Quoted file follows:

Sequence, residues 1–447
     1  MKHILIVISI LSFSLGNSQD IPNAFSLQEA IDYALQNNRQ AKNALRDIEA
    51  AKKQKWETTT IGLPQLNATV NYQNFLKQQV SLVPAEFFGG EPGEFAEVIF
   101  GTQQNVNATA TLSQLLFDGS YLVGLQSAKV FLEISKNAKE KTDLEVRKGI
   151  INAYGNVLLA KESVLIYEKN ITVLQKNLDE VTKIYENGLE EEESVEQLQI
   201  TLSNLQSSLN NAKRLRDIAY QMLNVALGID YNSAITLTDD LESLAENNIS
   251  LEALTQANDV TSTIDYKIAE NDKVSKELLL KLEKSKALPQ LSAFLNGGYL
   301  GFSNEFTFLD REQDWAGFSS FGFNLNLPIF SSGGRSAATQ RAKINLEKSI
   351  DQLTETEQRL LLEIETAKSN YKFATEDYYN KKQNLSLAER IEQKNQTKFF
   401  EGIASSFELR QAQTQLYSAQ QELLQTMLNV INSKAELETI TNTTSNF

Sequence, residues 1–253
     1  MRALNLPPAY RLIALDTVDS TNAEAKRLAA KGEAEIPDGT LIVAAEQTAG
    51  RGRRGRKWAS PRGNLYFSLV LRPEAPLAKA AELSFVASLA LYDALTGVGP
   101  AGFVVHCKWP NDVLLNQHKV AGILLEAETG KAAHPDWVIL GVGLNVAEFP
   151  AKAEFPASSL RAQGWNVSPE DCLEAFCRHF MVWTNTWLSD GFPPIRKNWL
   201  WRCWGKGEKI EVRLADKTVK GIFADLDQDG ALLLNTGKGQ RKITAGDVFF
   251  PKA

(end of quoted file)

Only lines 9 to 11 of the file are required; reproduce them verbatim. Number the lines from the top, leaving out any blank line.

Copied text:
   351  DQLTETEQRL LLEIETAKSN YKFATEDYYN KKQNLSLAER IEQKNQTKFF
   401  EGIASSFELR QAQTQLYSAQ QELLQTMLNV INSKAELETI TNTTSNF

Sequence, residues 1–253